Tuesday, March 18, 2008

My bread won't rise

My bread won't rise. Last two loaves rose a bit and then fell during baking. I didn't change my recipe or my ingredients and they just fell. Don't know what is going on. Don't think it was the weather, both loaves were baked on sunny days. The other odd thing is that I actually did have to change the recipe (so I lied!) because when I put the dough in the breadmaker it was way too wet after the first mix-and-knead. So both times I had to add somewhere between a half to a full cup of flour. And the way it fell makes me think that it needed even more flour than that. But why?!? I don't understand.

I've been baking bread, either by hand or with a breadmaker, for over 35 years. So I think I understand bread. "I think" being the key words here. Well, I'll buy some more flour and see if it's something about the flour.

Addendum: I notice some people are Googling "bread won't rise" and ending up here. I did eventually figure out the problem, see "Mystery solved..."

I have three knitting projects on the go now.

The sock,

...the bedspread,

...and a new thing, a kind of cably square that I am designing myself. Started with a cable pattern I got from the internet, did a small square of that,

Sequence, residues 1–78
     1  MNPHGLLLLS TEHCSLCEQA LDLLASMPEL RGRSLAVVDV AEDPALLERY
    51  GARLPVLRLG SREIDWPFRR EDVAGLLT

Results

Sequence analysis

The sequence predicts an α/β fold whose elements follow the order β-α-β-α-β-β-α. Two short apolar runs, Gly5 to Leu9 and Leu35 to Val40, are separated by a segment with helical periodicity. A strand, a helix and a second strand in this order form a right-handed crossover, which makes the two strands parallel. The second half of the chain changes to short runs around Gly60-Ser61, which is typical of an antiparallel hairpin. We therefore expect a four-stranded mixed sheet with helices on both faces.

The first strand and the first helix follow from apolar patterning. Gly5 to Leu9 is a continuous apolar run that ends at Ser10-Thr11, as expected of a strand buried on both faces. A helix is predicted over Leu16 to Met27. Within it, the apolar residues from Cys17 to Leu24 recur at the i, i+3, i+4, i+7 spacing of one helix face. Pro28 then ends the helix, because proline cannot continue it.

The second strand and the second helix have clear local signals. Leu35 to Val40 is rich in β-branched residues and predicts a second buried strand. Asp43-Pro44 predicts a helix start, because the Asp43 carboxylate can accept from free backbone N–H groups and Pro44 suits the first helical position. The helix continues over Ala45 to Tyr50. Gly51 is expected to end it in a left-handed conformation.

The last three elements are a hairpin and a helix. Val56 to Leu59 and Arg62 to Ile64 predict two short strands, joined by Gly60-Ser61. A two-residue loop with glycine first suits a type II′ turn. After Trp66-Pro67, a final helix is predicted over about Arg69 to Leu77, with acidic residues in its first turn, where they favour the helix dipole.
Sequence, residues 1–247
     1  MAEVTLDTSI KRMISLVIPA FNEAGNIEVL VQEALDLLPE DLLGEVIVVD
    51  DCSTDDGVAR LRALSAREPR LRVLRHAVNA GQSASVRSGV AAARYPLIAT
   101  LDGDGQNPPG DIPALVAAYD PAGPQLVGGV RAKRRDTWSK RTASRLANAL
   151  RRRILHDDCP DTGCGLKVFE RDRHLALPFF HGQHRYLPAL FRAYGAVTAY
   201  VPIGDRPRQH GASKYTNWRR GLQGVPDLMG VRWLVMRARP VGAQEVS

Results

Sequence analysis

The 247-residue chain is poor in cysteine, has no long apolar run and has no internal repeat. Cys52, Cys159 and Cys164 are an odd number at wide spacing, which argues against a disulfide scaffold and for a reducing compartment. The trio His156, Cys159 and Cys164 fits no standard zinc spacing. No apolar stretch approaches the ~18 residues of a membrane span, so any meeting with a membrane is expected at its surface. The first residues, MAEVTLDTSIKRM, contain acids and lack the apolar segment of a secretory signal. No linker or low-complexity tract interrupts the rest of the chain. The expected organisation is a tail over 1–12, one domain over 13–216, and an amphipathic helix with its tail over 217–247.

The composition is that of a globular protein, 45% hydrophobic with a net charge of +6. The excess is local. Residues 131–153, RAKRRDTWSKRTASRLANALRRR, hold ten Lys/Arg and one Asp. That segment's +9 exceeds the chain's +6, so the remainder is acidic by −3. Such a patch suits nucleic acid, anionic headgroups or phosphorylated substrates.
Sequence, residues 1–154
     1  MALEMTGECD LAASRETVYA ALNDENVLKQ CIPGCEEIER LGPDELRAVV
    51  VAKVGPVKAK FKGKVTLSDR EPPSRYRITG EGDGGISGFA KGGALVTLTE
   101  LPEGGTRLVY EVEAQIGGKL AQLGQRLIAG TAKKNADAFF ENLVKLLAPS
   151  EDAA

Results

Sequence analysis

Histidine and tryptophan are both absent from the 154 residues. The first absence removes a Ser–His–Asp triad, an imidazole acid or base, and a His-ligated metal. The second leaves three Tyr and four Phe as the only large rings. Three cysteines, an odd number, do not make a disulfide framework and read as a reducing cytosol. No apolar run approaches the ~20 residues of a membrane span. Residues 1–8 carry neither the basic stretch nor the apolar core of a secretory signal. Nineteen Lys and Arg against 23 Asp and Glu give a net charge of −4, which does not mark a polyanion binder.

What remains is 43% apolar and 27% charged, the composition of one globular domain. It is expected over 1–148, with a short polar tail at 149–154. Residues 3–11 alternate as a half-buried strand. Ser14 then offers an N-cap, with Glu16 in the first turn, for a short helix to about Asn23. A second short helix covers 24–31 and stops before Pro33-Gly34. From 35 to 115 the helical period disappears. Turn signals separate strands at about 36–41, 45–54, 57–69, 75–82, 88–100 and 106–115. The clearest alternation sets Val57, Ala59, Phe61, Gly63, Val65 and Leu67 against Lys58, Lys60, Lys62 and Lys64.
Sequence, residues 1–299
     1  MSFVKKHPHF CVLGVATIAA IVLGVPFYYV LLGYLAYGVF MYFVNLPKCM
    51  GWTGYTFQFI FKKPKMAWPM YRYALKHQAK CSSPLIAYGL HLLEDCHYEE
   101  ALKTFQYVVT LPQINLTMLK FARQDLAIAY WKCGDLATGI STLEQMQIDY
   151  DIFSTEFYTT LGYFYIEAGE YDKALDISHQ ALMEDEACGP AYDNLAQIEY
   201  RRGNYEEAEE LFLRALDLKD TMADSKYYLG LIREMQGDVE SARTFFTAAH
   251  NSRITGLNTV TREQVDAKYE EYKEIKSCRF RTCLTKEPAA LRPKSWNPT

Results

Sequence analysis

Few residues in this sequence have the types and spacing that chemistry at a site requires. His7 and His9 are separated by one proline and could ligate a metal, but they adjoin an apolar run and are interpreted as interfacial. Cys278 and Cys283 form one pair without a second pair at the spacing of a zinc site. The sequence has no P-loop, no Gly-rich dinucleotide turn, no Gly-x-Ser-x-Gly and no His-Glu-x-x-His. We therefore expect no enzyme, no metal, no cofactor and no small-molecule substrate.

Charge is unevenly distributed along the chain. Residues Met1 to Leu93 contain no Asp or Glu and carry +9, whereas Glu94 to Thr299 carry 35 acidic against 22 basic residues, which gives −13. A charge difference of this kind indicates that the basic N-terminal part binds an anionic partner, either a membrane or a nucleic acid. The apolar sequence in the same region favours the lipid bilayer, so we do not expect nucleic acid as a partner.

...then used the graph notation for that pattern to design something of my own that I am now trying to knit up. We'll see how it goes.

I taught Tristan how to finger knit and he did one project, a scarf about a foot long for one of his stuffed animals. I'll post a picture of it when I can get him to bring it back to photograph. I am hoping to get him to knit a couple more and then move him on to "real" knitting with needles.

I initially tried to teach him to knit with needles, but in watching him struggle with it I realized that it was kind of like learning to drive on a standard shift car. Not only do you have to learn and pay attention to actual driving on the road, but you have to simultaneously learn how to use the stick shift. Too many things all at once.

Tristan was trying to learn the steps in making a knit stitch and at the same time figure out how to hold the needles and yarn. Some things you take for granted until you watch a novice try to do it.

Finger knitting allows you to produce knitted fabric really fast using only your fingers and yarn, no needles. When a kid has mastered that, and Tristan did really quickly, then (s)he can move on to using a knitting frame or spool or "real" knitting with needles. Large diameter wooden needles are probably best, they are not so slippery and you can see what you are doing.

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